Work under each strategy addresses:

i. the OSPAR Convention’s general obligations of protecting the marine

environment (Article 2) by the Contracting Parties adopting programmes and measures, jointly and individually, and harmonising their policies and strategies. ii. The OSPAR Conventions obligations on the development of regular joint

assessments of the quality status of the marine environment (Article 6), including evaluation of the effectiveness of measures taken and planned for the protection of the marine environment and the identification of priorities for action.

Work on assessment and related monitoring is planned through the OSPAR Joint Assessment and Monitoring Programme (JAMP, currently OSPAR other agreement 2014-2). For the purposes of the assessment and monitoring the OSPAR maritime area five regional divisions of the OSPAR maritime area have been defined (OSPAR Regions 1 to 5). At the time of finalizing this report OSPAR is examining the possible renaming of the Joint Assessment and Monitoring Programme as the Joint Assessment and

Monitoring Strategy (JAMS). This is not yet confirmed.

The relationship and overall flow of work between management (development, adoption and implementation of management measures) and monitoring and assessment work has been represented through a stylized OSPAR policy cycle (Box 3.3). Specification of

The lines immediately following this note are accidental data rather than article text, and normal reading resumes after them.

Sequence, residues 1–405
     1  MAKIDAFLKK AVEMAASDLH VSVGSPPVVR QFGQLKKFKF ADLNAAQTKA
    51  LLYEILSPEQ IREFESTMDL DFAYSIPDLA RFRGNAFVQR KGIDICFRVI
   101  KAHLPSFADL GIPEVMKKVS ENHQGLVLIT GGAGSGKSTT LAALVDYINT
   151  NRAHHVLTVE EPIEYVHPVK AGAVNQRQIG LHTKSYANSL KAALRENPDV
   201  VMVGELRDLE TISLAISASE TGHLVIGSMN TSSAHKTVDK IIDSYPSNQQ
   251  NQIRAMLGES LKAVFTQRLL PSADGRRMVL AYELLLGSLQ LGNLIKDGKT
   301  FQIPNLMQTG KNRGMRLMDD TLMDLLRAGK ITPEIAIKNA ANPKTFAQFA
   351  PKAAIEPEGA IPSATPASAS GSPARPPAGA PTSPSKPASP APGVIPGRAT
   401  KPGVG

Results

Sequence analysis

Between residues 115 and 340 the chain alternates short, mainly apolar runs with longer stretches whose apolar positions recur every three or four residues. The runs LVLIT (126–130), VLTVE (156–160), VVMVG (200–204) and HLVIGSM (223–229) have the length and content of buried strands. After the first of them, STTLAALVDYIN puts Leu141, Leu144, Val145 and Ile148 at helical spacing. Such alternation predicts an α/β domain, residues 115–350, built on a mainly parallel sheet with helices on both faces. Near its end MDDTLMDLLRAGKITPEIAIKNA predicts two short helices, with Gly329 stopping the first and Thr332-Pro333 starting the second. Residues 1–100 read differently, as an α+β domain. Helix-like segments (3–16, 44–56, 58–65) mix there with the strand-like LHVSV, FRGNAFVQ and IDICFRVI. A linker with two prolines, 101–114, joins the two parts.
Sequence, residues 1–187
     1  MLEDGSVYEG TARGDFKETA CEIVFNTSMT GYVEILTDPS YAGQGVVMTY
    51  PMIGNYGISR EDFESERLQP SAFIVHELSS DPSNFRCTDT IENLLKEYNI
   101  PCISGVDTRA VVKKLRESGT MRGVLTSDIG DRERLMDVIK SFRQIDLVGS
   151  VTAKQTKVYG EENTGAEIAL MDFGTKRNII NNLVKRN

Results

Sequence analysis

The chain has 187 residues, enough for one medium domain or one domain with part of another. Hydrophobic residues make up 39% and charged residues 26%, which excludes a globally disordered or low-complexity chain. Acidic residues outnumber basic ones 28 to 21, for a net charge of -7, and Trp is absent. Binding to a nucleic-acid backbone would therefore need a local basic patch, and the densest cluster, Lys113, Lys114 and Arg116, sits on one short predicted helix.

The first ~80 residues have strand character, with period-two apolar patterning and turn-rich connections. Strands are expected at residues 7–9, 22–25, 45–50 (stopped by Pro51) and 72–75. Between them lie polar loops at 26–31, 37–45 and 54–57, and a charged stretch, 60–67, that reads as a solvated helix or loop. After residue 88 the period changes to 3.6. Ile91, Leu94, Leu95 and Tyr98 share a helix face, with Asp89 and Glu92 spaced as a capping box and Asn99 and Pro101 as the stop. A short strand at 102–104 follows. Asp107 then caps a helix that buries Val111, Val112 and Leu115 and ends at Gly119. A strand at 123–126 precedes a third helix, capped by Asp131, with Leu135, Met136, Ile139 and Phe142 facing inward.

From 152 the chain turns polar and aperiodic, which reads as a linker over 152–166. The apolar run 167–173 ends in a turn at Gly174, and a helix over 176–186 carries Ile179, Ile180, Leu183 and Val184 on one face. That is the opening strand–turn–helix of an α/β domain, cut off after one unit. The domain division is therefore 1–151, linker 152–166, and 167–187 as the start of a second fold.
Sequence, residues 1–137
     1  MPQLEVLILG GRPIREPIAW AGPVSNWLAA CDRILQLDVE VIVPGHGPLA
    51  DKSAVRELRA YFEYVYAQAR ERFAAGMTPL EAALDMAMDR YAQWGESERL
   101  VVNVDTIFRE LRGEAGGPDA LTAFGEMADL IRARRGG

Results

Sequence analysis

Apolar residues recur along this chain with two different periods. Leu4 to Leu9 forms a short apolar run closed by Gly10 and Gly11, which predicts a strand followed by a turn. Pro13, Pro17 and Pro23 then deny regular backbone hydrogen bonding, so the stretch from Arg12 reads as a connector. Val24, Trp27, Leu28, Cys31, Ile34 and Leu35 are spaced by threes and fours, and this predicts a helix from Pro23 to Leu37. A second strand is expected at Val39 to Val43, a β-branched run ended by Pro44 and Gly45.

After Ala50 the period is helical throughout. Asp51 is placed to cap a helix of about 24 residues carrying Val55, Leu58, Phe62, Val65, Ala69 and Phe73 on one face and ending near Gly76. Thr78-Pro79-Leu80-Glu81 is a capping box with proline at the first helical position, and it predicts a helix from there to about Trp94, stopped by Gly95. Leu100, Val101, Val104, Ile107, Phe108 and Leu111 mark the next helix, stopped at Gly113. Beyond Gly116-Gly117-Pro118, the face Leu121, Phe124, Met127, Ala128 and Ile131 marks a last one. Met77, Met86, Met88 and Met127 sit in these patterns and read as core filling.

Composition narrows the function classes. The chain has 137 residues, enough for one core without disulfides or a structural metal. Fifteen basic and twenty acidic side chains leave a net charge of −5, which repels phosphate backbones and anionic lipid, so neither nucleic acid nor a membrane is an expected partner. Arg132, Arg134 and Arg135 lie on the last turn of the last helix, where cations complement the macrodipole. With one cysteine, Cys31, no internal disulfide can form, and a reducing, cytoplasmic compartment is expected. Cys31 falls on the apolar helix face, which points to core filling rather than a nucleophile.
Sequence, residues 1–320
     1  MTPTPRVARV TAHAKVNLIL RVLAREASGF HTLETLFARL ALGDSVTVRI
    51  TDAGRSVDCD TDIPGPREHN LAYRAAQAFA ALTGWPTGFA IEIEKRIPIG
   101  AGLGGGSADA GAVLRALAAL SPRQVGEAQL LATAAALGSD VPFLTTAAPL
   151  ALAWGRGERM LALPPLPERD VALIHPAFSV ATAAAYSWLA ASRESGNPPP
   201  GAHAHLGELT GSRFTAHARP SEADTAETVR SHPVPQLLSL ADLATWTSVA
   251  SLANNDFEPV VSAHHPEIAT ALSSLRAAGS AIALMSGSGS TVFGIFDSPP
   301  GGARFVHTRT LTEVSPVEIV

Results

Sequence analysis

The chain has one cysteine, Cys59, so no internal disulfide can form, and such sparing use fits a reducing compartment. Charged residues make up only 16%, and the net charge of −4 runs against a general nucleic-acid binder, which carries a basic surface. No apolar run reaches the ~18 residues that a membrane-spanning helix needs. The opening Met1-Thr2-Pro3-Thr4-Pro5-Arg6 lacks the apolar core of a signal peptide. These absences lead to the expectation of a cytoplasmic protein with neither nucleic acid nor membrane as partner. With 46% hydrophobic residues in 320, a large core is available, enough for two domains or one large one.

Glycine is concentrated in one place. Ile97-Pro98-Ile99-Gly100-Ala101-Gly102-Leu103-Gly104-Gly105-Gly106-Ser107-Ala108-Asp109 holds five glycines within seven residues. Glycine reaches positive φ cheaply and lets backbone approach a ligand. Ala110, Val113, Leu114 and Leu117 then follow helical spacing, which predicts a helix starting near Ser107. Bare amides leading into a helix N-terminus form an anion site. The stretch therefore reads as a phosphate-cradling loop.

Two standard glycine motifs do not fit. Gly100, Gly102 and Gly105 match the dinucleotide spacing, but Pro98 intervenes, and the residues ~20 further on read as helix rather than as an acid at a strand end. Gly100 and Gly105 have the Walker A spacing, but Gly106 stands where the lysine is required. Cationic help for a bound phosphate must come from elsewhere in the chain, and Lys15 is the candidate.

information needs arising from management processes and work to address these information needs are the key drivers of this cycle.

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Box 3.3: OSPAR policy cycle.

SwAM is the leading national authority responsible for Sweden’s engagement in OSPAR and provide the Swedish head of delegation to the OSPAR Commission. SwAM

coordinates Sweden’s OSPAR engagement across a range of national agencies. Before 2010, the lead OSPAR role was the responsibility of the Swedish Environmental Protection Agency. SwAM’s plan for work within OSPAR is published on the SwAM website (Havs- och vattenmyndigheten, 2013a) and updated annually.

EU Marine Strategy Framework Directive

The Marine Strategy Framework Directive (MSFD) adopted by the European Council in May 2008 (2008/56/EC) has the aim of establishing a framework within which Member States shall take the necessary measures to achieve or maintain good environmental status in the marine environment by the year 2020 at the latest.

The MSFD represents the environmental pillar of the broader EU Integrated Maritime Policy, endorsed by the European Council in December 2007.